Hon. Charles Hicks Saunders By Charles D. Elliot. Honorary member of this society, was born in Cambridge, Mass., November 10, 1821, and died there December 5, 1901. He was descended from Martin Saunders, who came from England to Boston in 1635, and also, from John Hicks, a member of the Boston Tea Party, who was killed in the battle of Lexington. He was educated in the public schools of Cambridge, and in the Hopkins Classical School. He early became connected with the Suffolk Bank of Boston, soon after entering into business on his own account, from which he retired at the age of forty-two. He was an alderman in 1861 and 1862, and was active in his efforts for the soldiers of the Civil War. In 1868 and 1869 he was chosen with great unanimity mayor of Cambridge, and held public offices and honorary positions in that city for many years. As local historian he had few, if any, superiors. It was through his efforts that the many historic spots of Cambridge were marked wi
Charles Hicks Saunders (search for this): chapter 8
Hon. Charles Hicks Saunders By Charles D. Elliot. Honorary member of this society, was born in Cambridge, Mass., November 10, 1821, and died there December 5, 1901. He was descended from Martin Saunders, who came from England to Boston in 1635, and also, from John Hicks, a member of the Boston Tea Party, who was killed in the battle of Lexington. He was educated in the public schools of Cambridge, and in the Hopkins Classical School. He early became connected with the Suffolk Bank of Boston, soon after entering into business on his own account, from which he retired at the age of forty-two. He was an alderman in 1861 and 1862, and was active in his efforts for the soldiers of the Civil War. In 1868 and 1869 he was chosen with great unanimity mayor of Cambridge, and held public offices and honorary positions in that city for many years. As local historian he had few, if any, superiors. It was through his efforts that the many historic spots of Cambridge were marked wi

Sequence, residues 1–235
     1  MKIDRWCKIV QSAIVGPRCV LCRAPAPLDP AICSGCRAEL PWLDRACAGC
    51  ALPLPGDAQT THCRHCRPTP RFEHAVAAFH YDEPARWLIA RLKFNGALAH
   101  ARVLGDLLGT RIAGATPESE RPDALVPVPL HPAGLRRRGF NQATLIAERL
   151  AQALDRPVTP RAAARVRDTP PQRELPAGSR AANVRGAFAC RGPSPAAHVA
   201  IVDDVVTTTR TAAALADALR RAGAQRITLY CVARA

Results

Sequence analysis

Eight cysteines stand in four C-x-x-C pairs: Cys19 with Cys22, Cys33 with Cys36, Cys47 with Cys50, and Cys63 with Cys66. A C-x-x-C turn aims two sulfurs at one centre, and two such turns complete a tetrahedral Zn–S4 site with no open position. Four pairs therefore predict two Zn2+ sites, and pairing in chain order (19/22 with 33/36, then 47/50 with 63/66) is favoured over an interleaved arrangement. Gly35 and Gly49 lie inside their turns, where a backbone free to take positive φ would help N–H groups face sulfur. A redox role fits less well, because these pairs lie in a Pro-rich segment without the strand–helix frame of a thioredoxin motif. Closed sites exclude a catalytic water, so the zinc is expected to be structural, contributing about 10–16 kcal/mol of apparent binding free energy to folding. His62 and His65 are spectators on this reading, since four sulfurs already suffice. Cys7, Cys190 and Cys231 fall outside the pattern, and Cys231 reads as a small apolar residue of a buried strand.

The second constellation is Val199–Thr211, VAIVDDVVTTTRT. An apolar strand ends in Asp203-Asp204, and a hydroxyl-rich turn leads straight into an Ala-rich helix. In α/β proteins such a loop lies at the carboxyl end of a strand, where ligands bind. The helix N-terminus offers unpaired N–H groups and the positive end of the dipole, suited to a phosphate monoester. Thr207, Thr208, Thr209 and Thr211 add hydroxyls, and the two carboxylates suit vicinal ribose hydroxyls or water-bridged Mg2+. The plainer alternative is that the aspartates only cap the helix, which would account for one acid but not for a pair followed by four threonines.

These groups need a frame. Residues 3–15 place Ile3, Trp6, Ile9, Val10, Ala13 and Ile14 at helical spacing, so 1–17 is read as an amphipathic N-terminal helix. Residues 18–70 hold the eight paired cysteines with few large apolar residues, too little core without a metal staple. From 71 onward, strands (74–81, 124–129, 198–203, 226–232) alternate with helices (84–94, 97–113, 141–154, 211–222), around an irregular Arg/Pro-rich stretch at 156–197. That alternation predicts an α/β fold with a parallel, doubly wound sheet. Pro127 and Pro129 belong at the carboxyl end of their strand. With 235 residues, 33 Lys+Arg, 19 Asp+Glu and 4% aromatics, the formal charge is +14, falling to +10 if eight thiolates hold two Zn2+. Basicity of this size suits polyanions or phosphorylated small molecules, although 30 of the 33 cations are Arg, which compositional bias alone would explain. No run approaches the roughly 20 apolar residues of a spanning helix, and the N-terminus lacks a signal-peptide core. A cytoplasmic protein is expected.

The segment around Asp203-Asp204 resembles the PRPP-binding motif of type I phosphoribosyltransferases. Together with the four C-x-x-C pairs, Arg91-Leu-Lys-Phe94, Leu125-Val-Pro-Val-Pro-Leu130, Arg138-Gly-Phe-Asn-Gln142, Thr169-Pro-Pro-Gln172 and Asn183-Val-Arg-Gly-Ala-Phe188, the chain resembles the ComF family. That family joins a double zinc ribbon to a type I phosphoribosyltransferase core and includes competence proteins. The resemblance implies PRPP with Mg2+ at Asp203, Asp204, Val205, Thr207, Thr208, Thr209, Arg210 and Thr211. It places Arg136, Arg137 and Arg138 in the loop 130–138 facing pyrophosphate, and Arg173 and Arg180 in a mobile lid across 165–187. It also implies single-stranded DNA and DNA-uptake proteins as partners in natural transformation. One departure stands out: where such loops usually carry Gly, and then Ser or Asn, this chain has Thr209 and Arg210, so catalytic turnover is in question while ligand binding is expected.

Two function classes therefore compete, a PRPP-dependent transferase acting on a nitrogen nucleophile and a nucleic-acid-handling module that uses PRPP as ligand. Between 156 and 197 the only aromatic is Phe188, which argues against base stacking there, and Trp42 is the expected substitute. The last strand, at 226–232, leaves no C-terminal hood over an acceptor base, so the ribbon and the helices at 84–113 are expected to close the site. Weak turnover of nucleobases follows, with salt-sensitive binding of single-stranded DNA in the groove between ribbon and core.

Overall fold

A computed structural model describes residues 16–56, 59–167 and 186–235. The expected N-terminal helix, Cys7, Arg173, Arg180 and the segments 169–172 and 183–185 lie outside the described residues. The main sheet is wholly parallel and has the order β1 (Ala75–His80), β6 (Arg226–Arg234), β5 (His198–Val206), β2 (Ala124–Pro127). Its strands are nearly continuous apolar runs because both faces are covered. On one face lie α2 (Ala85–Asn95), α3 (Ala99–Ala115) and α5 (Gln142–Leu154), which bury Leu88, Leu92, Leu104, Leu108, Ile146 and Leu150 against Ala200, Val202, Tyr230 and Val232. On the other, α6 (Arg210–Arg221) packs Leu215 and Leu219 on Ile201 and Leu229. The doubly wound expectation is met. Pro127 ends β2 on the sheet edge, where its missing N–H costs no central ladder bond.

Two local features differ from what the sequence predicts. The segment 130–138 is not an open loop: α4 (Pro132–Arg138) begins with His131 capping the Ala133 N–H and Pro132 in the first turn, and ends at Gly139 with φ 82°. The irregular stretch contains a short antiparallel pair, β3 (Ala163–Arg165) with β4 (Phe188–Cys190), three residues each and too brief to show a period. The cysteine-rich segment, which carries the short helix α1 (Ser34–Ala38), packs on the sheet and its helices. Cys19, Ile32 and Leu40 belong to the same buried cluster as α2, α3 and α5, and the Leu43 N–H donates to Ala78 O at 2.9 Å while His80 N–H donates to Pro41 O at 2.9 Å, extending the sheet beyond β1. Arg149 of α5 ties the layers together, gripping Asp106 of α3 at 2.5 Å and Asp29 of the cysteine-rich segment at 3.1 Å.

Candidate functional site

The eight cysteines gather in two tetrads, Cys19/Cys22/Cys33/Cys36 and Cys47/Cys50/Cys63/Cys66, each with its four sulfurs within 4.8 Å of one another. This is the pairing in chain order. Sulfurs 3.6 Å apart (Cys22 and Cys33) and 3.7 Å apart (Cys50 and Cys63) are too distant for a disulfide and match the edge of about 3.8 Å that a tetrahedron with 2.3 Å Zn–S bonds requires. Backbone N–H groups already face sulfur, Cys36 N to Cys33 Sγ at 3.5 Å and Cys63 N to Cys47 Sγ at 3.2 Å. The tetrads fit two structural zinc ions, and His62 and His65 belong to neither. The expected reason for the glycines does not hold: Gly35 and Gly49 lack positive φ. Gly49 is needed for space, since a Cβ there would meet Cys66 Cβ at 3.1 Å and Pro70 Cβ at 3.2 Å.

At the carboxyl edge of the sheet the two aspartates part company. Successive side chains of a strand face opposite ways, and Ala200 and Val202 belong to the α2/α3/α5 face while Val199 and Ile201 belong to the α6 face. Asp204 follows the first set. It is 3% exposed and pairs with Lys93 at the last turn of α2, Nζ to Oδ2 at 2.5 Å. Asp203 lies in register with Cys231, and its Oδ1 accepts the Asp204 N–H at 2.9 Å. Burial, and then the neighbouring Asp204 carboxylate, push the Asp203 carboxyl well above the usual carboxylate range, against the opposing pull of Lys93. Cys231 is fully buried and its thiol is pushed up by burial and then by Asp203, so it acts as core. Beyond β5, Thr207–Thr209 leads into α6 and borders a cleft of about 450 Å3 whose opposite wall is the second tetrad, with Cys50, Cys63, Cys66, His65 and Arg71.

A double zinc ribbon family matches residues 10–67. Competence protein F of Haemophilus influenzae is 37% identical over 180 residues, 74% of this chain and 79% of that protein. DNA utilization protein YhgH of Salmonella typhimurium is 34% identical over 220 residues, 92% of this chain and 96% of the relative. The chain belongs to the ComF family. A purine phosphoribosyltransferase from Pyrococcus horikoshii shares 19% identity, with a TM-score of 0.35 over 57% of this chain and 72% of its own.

John Hicks (search for this): chapter 8
Hon. Charles Hicks Saunders By Charles D. Elliot. Honorary member of this society, was born in Cambridge, Mass., November 10, 1821, and died there December 5, 1901. He was descended from Martin Saunders, who came from England to Boston in 1635, and also, from John Hicks, a member of the Boston Tea Party, who was killed in the battle of Lexington. He was educated in the public schools of Cambridge, and in the Hopkins Classical School. He early became connected with the Suffolk Bank of Boston, soon after entering into business on his own account, from which he retired at the age of forty-two. He was an alderman in 1861 and 1862, and was active in his efforts for the soldiers of the Civil War. In 1868 and 1869 he was chosen with great unanimity mayor of Cambridge, and held public offices and honorary positions in that city for many years. As local historian he had few, if any, superiors. It was through his efforts that the many historic spots of Cambridge were marked wit